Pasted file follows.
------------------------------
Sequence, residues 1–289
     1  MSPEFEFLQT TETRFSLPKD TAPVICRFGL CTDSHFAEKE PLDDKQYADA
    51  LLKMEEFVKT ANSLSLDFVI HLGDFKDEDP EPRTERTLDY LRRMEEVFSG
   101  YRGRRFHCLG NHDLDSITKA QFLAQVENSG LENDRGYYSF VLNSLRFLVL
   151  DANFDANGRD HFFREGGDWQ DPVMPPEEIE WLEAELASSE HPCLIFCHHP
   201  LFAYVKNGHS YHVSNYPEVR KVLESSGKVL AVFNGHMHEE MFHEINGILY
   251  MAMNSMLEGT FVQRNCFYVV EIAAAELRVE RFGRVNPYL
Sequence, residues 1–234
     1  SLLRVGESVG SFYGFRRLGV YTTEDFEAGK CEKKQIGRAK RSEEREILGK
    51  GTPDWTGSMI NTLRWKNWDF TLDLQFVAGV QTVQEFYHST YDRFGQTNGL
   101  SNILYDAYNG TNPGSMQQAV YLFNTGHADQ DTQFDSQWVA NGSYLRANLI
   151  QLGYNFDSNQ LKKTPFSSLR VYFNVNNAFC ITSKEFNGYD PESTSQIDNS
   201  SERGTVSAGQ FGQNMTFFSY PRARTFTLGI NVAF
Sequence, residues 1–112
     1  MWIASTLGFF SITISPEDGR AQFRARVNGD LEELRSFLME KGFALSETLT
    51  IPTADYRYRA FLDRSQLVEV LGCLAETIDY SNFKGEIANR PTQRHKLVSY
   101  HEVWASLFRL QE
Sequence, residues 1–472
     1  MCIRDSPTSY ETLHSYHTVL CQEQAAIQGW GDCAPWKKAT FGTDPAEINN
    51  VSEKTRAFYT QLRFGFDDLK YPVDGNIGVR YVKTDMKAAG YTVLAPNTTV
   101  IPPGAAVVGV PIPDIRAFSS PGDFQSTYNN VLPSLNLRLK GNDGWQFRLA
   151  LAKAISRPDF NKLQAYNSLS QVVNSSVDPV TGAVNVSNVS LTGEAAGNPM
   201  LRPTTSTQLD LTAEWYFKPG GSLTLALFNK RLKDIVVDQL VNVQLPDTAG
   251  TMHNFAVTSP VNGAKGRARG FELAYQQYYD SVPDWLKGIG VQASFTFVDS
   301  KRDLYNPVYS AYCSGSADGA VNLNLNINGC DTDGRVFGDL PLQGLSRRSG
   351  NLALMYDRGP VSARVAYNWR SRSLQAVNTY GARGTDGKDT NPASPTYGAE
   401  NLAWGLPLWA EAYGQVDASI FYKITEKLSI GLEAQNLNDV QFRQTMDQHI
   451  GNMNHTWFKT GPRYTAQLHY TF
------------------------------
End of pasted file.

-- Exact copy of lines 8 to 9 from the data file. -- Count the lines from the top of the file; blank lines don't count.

Sequence, residues 1–234
     1  SLLRVGESVG SFYGFRRLGV YTTEDFEAGK CEKKQIGRAK RSEEREILGK